Appliances. Many small appliances, like coffee pots and toaster ovens, are prohibited while mini-fridges and microwaves usually pass inspection. Some colleges rent fridge/microwave combos, which isn't a bad deal if you don't want to cart a bulky appliance back and forth over summer break.
If you opt for one of these big ticket items, spread the cost among the roommates. Dorm-size fridges cost less than $100 and are large enough to accommodate leftover Chinese takeout and beverage cans. Wal-Mart sells a model that sports an ice cube chamber and chalk-board coating, which provides space for your very own dorm room decor doodles. Small microwaves are also budget-friendly and at Wal-Mart you'll find several models with price tags under $50.

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Aug 1, 2013 10:22AM
Buying dorm-specific stuff is usually a waste of money. The same things are sold in other parts of target, kmart, or ikea for less. You're paying for the market display. And unlike school supplies, that stuff is going to be the same cost all year. You'd save more money by actually living in the space for a week or two and seeing what would make life easier. Then make a shopping list.
Aug 1, 2013 11:55AM
I had to share a tiny old dorm room my 1st year. I asked a few seniors what they did and got some great ideas. The best one was to turn the desk into a media center. put the chair from the desk on top anf face the chair away from you. Put the mini fridge (I had to have one for meds and juice in my room) where the chair would go. Use the space under the chair for food storage in plastic bins. Put a small tv on the chair facing the bed. I converted and old book into a shelf for my remote and alarm clock by craft taping the entire back side of it to the wall and using a cut plastic hanger to prop open the cover of the book to make the shelf, glued and taped in place of course. I draped the chair back around the tv w/ a cheap pretty sheer curtain I found on clearance and tied it on with ribbon. My stereo sat on the back of my desk and I put my cd's in one of the drawers below. My word processor (I am SO old) had just enough space on the desk to sit flat when I wasn't using it. I usually worked on my bed anyway, so a large art board became my anywhere desk, usually on the bed and it stored nicely slid in against the wall behind the desk. I bought a cute basket and hung it above my closet in the corner for laundry, at a slight angle. When it was full, I climbed on the bed walked on the desk, (after moving WP) and unhooked it to do laundry. I hung detergent and stuff in a bag mesh inside the closet. Shoes, scarves and jewelery in zipper pouches hung inside the closet on the wall, and the dresser was actually put inside the closet too. I hung long things next to it. The biggest reason I had so much extra space for my things was that I rolled my clothes. My bathroom caddy sat on the shelf in the closet and I sat up a kind of vanity on the dresser top for putting on makeup and doing my hair.  I used a kids outfit hanger to put my hair dryer on. I tied a loop on it near the cord to hang it from the hook top and wrapped the cord around the lower part when I wasn't using it. I had two drawers that always had room b/c my clothes were stored so compactly. Books and stuff were usually just piled somewhere or inside one of the larger desk drawers, or my bag. We made our own calendar out of poster board each month on the back of the door and filled in our schedules as we could, so we would know where the other was if needed. (Nobody had cell phones then.)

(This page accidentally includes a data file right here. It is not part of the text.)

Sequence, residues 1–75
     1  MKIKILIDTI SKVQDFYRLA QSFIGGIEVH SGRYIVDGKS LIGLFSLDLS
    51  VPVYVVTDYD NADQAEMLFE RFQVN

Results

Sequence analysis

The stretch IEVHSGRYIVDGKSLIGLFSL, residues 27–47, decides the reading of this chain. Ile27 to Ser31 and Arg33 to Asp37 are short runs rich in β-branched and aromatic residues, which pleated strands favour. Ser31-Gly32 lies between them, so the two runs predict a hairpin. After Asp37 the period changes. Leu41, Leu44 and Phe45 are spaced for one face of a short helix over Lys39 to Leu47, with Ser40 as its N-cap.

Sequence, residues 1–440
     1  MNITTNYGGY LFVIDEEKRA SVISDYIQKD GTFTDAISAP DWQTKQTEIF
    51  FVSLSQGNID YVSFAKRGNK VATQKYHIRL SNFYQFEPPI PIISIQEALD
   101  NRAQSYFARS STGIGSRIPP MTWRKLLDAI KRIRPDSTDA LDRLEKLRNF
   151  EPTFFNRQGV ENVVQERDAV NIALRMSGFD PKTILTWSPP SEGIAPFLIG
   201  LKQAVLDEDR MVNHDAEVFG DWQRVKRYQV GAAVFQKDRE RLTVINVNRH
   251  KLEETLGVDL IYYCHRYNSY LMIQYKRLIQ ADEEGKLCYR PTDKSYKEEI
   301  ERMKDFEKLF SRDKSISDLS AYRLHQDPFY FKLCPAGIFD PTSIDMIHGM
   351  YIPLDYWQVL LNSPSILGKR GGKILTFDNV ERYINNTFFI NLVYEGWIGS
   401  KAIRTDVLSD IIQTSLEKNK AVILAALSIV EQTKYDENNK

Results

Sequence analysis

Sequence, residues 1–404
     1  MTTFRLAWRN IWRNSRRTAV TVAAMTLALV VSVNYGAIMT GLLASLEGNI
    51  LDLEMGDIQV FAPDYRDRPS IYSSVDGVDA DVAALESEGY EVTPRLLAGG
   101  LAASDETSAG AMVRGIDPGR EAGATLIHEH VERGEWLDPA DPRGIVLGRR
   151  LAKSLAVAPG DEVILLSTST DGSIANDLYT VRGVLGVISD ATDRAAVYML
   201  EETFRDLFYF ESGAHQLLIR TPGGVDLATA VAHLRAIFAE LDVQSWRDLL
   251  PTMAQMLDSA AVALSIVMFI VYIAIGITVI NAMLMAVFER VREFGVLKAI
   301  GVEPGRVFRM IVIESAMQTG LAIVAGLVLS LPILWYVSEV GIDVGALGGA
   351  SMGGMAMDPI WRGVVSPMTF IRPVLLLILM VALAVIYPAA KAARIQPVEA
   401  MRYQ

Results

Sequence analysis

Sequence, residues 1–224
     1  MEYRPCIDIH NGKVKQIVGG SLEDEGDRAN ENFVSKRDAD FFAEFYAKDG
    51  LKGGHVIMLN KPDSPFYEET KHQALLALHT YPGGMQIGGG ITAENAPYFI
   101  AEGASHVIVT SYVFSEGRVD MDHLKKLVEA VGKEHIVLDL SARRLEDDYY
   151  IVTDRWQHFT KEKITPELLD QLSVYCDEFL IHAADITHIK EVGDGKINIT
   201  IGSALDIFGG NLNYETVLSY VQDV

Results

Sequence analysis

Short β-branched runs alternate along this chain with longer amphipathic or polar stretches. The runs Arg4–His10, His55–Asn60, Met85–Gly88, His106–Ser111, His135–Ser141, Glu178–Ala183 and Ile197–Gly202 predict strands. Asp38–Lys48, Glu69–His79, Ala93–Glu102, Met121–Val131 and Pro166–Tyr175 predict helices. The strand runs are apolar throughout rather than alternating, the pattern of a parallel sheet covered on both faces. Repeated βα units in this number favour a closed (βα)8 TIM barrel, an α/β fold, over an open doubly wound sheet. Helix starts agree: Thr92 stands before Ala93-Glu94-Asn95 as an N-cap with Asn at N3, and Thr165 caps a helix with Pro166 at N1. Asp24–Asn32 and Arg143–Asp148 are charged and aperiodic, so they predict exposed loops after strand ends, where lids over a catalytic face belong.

We had so much extra space that my roomie decided to get a turtle and keep it in a big aquarium on an old table we had scrounged. Those were crazy days.

Aug 1, 2013 10:49AM
A college grad took their plastic storage containers with them when they moved. Brilliant, I mean who would have thought to do that? This "article" is just a poor excuse for pushing products.